Senator Kamala Harris announces 2020 bid


Sam Bernstein managing editor

Senator Kamala Harris (D-CA) announced her bid for the presidency on Monday, Jan. 21 becoming the first California politician to run for president as a Democrat since 1992. This follows just two years in the U.S. Senate and six years as the California State Attorney General.

“I love my country,” the junior senator said in her announcement video. “And this is a moment in time where I feel a sense of responsibility to stand up and fight for the best of who we are.”

Harris, a career Democrat, announced her candidacy on the popular daytime television show “Good Morning America.”

“I am running for President of the United States,” Harris announced to co-hosts Robin Roberts and George Stephanopoulos. “And I’m very excited about it.”

Harris, who is known by pundits as a center-left liberal, has previously given support to some progressive policy ideas, such as Medicare-for-all and a Green New Deal, earning praise from the left side of the Democratic party. Soon after her inauguration into the Senate, Harris co-sponsored a Medicare-for-all bill with Vermont senator and likely 2020 primary opponent Bernie Sanders. Harris most recently endorsed universal health care during a CNN town hall on Monday, Jan. 28 at Drake University in Des Moines, Iowa.

“The idea is that everyone gets access to medical care, and you don’t have to go through the process of going through an insurance company, having them give you approval, going through the paperwork, all of the delay that may require. Who of us has not had that situation, where you’ve got to wait for approval, and the doctor says, well, I don’t know if your insurance company is going to cover this? Let’s eliminate all of that. Let’s move on,” Harris explained to CNN’s Jake Tapper.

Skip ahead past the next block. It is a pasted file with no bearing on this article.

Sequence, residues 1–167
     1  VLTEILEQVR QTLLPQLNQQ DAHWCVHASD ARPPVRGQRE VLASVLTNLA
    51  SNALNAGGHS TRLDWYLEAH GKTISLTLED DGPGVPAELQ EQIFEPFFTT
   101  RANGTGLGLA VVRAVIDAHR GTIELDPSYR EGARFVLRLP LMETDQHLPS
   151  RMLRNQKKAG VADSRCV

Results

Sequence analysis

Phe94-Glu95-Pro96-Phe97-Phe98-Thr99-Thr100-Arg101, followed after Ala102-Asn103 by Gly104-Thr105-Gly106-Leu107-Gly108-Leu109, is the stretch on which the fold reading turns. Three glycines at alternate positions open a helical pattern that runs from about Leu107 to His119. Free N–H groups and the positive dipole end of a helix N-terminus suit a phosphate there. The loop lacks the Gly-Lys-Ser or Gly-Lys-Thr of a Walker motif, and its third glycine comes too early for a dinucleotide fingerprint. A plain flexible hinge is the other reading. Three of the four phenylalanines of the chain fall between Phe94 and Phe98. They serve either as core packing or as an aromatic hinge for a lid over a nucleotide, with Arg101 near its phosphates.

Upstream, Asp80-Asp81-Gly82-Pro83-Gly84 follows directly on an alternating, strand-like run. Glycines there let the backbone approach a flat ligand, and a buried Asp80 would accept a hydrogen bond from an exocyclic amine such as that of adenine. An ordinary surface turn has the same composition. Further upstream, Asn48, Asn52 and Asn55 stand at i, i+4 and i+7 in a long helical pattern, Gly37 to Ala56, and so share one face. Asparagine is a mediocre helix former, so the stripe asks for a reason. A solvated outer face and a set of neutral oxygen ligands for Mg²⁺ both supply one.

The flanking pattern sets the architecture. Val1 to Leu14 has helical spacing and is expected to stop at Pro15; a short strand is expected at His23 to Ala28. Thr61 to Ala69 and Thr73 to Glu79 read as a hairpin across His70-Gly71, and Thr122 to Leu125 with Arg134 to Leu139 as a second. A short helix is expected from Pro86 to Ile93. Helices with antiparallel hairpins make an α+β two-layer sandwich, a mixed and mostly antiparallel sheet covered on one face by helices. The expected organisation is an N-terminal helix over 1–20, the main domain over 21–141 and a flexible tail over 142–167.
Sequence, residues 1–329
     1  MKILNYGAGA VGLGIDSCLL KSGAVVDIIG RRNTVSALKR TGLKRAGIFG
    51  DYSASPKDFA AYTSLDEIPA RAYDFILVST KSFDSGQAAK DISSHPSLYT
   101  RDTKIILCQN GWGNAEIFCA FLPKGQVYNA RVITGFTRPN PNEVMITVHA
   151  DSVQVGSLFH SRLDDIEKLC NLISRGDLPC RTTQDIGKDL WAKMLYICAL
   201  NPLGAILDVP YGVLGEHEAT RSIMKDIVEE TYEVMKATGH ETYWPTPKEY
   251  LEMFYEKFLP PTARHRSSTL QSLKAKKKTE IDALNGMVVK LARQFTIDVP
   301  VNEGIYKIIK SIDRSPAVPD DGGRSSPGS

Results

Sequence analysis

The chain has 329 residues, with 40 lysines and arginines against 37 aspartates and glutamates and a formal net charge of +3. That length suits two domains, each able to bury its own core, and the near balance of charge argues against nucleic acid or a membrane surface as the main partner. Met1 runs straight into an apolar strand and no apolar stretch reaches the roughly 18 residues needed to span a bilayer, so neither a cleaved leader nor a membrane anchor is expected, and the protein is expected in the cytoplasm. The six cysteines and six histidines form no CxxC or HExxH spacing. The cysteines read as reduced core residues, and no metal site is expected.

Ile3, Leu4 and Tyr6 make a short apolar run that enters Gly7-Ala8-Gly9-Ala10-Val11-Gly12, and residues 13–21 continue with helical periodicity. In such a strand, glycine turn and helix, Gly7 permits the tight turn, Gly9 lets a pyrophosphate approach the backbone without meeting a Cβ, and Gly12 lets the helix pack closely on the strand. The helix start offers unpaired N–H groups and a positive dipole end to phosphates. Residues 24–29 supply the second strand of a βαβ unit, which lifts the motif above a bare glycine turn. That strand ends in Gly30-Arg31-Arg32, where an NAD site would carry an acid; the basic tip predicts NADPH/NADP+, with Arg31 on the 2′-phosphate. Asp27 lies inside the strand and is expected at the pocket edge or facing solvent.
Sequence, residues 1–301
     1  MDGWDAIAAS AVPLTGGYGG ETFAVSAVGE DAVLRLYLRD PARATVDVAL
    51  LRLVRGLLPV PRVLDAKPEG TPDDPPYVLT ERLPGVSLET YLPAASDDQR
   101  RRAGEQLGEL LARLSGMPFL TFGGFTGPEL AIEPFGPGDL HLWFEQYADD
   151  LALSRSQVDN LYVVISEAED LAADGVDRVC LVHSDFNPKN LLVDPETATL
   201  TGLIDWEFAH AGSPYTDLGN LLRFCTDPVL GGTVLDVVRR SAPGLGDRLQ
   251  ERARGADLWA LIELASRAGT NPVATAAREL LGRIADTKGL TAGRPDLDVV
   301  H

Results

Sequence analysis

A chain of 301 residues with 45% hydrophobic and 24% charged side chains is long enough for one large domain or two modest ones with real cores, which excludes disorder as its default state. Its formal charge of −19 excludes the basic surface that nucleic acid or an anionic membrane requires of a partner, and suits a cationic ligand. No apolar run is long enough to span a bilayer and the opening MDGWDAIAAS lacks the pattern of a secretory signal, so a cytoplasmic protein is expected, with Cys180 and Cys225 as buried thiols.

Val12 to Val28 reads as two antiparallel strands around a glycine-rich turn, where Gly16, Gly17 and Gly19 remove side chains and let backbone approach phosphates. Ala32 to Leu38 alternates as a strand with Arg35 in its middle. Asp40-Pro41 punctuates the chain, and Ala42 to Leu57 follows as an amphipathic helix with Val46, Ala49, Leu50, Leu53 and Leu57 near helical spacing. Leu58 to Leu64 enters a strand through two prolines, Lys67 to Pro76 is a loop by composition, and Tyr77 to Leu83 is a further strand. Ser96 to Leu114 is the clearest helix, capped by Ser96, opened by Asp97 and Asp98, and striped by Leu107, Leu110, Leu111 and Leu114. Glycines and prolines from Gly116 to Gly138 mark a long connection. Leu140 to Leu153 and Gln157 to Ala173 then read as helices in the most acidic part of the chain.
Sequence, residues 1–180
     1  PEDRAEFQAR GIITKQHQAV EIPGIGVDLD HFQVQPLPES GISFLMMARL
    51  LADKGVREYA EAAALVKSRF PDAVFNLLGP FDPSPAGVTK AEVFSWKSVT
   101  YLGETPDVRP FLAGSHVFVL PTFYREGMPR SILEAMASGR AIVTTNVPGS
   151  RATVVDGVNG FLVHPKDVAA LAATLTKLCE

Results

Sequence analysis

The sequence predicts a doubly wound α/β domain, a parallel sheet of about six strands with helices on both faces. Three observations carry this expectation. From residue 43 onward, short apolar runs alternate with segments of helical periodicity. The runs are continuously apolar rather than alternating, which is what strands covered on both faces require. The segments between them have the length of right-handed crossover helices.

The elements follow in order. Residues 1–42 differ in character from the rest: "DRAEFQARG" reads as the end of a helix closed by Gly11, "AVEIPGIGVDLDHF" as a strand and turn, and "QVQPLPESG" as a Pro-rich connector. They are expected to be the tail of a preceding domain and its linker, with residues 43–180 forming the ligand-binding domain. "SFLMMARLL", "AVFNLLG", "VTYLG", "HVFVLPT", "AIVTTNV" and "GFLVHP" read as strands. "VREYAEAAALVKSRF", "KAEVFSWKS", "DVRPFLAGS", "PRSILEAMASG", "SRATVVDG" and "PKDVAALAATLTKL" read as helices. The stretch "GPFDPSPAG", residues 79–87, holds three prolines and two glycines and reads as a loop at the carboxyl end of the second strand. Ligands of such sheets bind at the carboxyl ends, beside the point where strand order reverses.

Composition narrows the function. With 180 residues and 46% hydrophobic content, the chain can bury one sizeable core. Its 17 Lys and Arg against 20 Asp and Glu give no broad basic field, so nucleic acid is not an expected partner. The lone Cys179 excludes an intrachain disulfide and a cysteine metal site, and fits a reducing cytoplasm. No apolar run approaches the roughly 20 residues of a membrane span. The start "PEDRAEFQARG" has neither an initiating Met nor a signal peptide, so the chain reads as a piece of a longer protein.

Harris has stayed along party lines with her economic policy. The junior senator vetoed Trump’s Tax Cuts and Jobs Act in 2017, and in 2018, she proposed a bill to lower taxes on lower and middle-class households and raise taxes on corporations.

Harris has also shown a willingness to defend other major issues in the Democratic agenda, with one of the most prominent being her defense of undocumented immigrants. As senator, Harris supported San Francisco’s controversial “sanctuary city” policy, the Deferred Action for Childhood Arrivals program (DACA) and the DREAM Act.

Harris is one of the first prominent Democrats to reject donations from corporate political action committees (PACs) for her presidential campaign.

While Harris has supported progressive economic ideas, she has leaned away from the left on other policies, such as the use of prison labor under her guidance to fight the 2018 California wildfires. She’s also drawn criticism from progressives over some of her actions as AG, including her support of truancy, the death penalty and her heavy persecution of people who have committed drug-related crimes. These policies may hurt her chances with a more progressive base, and progressives are egging on traditionally leftist candidates to run for president, such as the previously mentioned Sanders and South Bend, Indiana, mayor Pete Buttigieg.

The California Democratic primary will be on March 3, 2020. Televised debates will begin in June 2019.

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